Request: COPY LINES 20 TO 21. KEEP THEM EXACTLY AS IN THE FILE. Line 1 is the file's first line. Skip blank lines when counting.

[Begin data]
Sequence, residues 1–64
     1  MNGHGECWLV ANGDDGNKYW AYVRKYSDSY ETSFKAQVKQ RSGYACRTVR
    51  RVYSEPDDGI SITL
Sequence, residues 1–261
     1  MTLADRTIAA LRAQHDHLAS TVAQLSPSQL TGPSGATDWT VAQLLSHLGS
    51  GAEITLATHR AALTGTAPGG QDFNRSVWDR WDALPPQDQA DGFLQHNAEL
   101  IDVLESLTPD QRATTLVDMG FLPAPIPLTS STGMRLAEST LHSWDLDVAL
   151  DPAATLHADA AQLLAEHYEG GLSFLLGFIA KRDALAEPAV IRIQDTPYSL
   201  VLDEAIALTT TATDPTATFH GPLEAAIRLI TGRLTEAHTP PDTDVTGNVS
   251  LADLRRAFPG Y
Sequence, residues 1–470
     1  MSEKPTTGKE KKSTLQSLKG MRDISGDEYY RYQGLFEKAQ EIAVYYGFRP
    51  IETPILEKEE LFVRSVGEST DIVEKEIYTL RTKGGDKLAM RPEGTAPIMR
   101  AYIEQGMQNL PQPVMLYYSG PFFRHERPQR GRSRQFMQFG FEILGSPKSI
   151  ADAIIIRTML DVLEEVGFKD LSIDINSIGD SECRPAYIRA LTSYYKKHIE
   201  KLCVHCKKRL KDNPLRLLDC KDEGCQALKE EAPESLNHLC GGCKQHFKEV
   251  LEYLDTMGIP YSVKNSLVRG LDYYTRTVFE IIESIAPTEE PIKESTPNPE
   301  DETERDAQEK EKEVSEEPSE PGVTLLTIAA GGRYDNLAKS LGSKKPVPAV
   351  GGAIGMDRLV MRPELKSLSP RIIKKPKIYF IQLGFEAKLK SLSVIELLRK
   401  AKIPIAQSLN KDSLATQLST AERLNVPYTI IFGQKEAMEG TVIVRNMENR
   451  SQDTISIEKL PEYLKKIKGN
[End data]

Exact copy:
   401  AKIPIAQSLN KDSLATQLST AERLNVPYTI IFGQKEAMEG TVIVRNMENR
   451  SQDTISIEKL PEYLKKIKGN